Cover-up? Republicans Trot Out the “C Word” on Libya

U.S. Marines stand next to a television monitor that is displaying a photo of Secretary of State Hillary Clinton and former Ambassador Christopher Stevens during a memorial service for Stevens at San Francisco City Hall on October 16, 2012 in San Francisco. (Photo by Justin Sullivan/Getty Images)

Congressional Republicans are accusing the Obama administration of orchestrating a cover up of its handling of a consulate attack in Libya, raising the stakes just weeks before Election Day.

In the weeks since a Sept. 11 attack on a U.S. consulate in Benghazi, Libya that left the American ambassador and three others dead, Republicans have pressed President Obama for details about what his administration knew about the likelihood of an attack and how it responded to that intelligence.

They had slammed the president for handling the situation poorly, and said it appeared some administration officials were being less-than-truthful about what they knew and when they knew, as well as what they did and did not do.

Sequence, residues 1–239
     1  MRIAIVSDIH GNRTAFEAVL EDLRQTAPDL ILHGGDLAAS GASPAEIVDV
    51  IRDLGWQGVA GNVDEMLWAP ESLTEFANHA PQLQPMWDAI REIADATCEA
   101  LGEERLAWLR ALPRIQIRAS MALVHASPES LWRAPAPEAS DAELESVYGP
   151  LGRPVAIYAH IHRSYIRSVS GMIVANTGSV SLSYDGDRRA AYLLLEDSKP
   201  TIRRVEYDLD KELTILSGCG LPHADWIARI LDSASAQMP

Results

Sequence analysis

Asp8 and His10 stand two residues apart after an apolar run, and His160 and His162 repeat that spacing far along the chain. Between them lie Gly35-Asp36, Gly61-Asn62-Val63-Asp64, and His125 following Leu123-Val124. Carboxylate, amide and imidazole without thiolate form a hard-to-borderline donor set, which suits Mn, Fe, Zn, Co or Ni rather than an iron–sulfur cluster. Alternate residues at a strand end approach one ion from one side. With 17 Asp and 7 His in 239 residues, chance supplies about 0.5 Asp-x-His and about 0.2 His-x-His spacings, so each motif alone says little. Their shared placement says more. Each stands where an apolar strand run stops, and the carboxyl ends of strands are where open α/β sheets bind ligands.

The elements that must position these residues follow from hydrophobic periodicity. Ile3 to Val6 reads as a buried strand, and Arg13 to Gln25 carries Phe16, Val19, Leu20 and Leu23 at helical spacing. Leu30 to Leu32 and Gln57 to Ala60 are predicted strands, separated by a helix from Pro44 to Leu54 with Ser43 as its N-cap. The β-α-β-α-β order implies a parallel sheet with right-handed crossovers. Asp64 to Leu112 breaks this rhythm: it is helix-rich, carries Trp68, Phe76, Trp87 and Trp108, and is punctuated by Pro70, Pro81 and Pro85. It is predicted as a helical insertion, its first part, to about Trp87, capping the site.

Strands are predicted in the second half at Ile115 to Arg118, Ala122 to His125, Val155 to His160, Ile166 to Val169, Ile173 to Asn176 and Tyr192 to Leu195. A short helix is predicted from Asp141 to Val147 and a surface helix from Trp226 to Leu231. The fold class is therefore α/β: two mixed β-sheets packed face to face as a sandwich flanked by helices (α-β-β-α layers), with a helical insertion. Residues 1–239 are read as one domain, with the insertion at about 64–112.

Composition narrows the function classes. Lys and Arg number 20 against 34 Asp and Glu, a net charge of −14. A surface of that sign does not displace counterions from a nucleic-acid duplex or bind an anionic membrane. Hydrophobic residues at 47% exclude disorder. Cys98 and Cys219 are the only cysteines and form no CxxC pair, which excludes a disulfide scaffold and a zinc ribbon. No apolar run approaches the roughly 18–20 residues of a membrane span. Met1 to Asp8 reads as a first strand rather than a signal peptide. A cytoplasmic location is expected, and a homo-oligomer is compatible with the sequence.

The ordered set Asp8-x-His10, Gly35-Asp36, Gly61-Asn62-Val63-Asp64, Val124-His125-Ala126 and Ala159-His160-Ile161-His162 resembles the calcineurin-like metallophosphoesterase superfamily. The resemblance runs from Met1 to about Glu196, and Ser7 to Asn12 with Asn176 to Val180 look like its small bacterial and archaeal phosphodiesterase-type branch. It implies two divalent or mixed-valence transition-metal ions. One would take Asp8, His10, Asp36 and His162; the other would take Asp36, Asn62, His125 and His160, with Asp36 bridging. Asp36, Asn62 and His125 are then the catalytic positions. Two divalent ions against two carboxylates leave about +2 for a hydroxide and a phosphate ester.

But they had avoided the “C word.” Until Saturday (Oct. 20).

“When there is a cover-up, it’s always worse than the incident itself,” House Armed Services Committee Chairman Rep. Howard “Buck” McKeon, R-Calif., said during a television interview.

Administration officials “ought to just come clean and tell us what happened,” McKeon said. “Admit that mistakes were made and make corrections for the future because this is just going to be a deeper and bigger hole they’re digging.”

Sen. John McCain of Arizona, the top Republican on the upper chamber’s Armed Services Committee, also dropped the “C word” over the weekend, just days before tonight’s (Oct. 22) third and final presidential debate.

With prominent polls showing Obama’s race with GOP nominee Mitt Romney is a dead heat, will Romney look across the table and accuse his opponent of managing a cover-up?

John T. Bennett

John T. Bennett

Bennett is the Editor of Defense News' CongressWatch channel. He has a Masters degree in Global Security Studies from Johns Hopkins University.
John T. Bennett